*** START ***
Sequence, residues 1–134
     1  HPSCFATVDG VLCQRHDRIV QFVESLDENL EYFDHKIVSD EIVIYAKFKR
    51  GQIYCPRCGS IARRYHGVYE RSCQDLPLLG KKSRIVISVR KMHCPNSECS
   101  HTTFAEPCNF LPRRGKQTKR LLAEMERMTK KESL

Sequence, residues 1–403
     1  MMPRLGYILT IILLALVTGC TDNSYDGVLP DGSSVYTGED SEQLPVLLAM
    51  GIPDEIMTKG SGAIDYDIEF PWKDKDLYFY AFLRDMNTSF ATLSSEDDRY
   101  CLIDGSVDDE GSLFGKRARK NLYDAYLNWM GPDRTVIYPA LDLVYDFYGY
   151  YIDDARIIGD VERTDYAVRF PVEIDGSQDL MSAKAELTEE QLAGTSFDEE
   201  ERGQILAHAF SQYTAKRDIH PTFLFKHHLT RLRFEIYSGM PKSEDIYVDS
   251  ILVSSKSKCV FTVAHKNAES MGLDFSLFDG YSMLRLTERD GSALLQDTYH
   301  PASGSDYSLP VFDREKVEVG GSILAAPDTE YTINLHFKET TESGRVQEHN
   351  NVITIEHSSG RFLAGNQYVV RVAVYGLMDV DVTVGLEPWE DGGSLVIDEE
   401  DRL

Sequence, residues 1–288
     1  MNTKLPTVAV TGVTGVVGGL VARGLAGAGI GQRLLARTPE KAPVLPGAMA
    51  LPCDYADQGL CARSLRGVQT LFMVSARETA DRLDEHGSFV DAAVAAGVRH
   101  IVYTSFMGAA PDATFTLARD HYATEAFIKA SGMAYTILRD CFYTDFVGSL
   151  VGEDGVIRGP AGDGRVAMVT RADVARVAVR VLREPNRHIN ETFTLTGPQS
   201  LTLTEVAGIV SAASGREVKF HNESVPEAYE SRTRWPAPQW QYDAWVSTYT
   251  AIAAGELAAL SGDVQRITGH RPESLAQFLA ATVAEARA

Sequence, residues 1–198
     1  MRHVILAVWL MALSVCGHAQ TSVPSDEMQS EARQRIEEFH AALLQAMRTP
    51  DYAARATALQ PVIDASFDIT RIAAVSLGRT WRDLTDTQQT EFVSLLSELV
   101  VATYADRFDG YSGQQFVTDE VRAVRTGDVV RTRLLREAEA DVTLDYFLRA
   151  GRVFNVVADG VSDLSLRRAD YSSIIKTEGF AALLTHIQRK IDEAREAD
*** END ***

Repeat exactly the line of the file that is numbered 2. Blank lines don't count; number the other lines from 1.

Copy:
     1  HPSCFATVDG VLCQRHDRIV QFVESLDENL EYFDHKIVSD EIVIYAKFKR